In their search for the lost grave of King Richard III, archaeologists unearthed a skeleton from underneath a parking lot last August. Today researchers announced that the skeleton is indeed that of England’s 500-year-deceased
king, and they have the DNA and radiocarbon dating to prove it.
Richard III is most famous for the Shakespeare play of the same name, which was written a century after his death. This English king reigned for just over two years, but his body was buried without record of its exact location. Researchers began digging up the vicinity of Greyfriars church in Leicester in 2011, and today’s announcement is the scientific evidence they needed to make their case for a definitive identification.
DNA is the building block of life, but in the future it may also be the standard repository for encyclopedias, music and other digital data. Scientists announced yesterday that they successfully converted 739 kilobytes of hard drive data in genetic code and then retrieved the content with 100 percent accuracy.
The researchers began with the computer files from some notable cultural highlights: an audio recording of MLK Jr.’s 1963 “I Have a Dream” speech, all 154 of Shakespeare’s sonnets, and, appropriately, a copy of Watson and Crick’s original research paper describing DNA’s double helix structure. On a hard drive, these files are stored as a series of zeros and ones. The researchers worked out a system to translate the binary code into one with four characters instead: A, C, G and T. They used this genetic code to synthesize actual strands of DNA with the content embedded in its very structure.
What does DNA look like? According to the biology textbooks of the last half century, it consists of a twisting ladder of base pairs: A with T and C with G. But a new study in Nature presents evidence that some human DNA may actually have four strands instead of two, and researchers say the quadruple helix may be linked to cancer.
The now-ubiquitous double-helix structure was first published in the journal Nature in 1953 by scientists James Watson and Francis Crick from the University of Cambridge. Nearly 60 years later, scientists from the same institution have published a paper in the same journal, but their results suggest that there may be more to the structure of DNA than their predecessors thought.
A burrow is just a hole in the ground, right? Wrong. Different species of mice have very different burrow designs, and
a new study suggests that a mouse’s architectural know-how is written in its DNA: Mice constructed these species-specific burrows even when they had never seen one before.
Researchers examined the burrowing behaviors of two related mouse species. The deer mouse makes a simple burrow, just a short tunnel that leads to a nest. The closely related oldfield mouse puts a little more feng shui in its design, extending the entry tunnel and adding a back door for quick escapes from the nest. To see if the blueprints for these burrow designs were based on instinct, researchers brought the mice into the lab.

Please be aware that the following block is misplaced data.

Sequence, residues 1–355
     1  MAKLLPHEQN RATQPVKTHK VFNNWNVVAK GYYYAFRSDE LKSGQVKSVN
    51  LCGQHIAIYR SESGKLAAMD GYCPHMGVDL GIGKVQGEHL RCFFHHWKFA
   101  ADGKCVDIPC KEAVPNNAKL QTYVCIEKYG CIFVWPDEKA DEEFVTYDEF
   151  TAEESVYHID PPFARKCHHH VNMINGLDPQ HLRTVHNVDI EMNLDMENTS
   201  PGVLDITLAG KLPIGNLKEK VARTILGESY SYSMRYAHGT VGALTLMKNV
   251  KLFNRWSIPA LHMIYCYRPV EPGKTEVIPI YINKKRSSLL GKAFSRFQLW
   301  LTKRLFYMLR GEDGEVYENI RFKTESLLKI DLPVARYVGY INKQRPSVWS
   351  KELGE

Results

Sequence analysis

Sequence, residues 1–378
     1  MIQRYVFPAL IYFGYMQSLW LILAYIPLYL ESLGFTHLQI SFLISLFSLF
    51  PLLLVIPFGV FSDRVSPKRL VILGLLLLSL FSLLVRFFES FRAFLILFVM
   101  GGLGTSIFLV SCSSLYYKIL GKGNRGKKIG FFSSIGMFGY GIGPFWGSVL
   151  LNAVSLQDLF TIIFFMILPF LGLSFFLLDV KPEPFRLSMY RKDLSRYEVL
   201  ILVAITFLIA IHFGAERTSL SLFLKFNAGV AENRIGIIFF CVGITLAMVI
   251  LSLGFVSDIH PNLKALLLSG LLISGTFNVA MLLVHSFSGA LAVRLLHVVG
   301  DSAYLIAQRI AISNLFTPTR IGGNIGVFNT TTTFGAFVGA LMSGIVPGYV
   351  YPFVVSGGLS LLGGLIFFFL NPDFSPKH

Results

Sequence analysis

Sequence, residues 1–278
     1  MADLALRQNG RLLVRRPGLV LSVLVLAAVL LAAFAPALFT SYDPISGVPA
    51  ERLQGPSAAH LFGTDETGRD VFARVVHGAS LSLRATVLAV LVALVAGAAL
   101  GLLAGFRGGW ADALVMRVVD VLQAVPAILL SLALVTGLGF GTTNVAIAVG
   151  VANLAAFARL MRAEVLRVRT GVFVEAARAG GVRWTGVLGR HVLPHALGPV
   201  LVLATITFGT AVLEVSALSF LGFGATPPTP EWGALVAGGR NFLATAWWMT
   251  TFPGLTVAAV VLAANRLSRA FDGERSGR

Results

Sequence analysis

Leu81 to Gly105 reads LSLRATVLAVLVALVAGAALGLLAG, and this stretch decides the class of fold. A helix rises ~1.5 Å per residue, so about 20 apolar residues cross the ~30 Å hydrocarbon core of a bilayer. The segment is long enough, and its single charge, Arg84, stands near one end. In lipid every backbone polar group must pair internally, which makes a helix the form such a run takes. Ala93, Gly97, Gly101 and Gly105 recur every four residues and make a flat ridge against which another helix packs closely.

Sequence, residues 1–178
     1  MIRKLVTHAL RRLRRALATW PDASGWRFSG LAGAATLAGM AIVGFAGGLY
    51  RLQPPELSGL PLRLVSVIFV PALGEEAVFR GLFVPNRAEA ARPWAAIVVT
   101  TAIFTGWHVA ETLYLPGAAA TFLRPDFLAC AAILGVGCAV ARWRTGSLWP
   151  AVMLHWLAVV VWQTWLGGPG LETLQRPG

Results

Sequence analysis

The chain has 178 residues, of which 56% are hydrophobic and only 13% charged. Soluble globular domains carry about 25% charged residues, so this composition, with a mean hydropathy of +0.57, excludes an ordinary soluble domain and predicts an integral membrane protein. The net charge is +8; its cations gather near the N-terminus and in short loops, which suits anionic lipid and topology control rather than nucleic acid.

Some women always have men on the brain. And some women literally have men in their brains. A new study in PloS ONE found that quite a few female brains contain male DNA. This genetic material presumably passes into a mother while she is pregnant with a male fetus. Although we already knew that fetal cells can enter a mother’s body, until now, it was unknown whether the cells could pass into the brain as well, because the blood brain barrier normally blocks large molecules and foreign substances from entering the brain.
To explore the possibility of brain microchimerism—the presence of genetically distinct cells in a host’s body—researchers examined autopsy specimens from 59 deceased female subjects, who either had no neurological disease or had suffered from Alzheimer’s. The scientists found that 63 percent of the brains contained male cells distributed throughout the organ, and that this microchimerism did not fade away over time: the brain of one 94-year-old woman still contained male cells. And interestingly, the brains of subjects with Alzheimer’s disease were less likely to contain male DNA, and when they did, they generally had less of it than the healthy brains did.
The universe is more massive than it looks. Although it’s invisible to the eye, this extra mass, called dark matter, seems to interact with visible matter through gravity and the weak nuclear force. Some researchers hypothesize that dark matter consists of WIMPs, or weakly interacting massive particles, which form an invisible “sea” through which the Earth passes as our planet travels through space. While these WIMPs would ordinarily fly right through ordinary matter, we might be able to observe the rare occasions when one directly strikes a nucleus.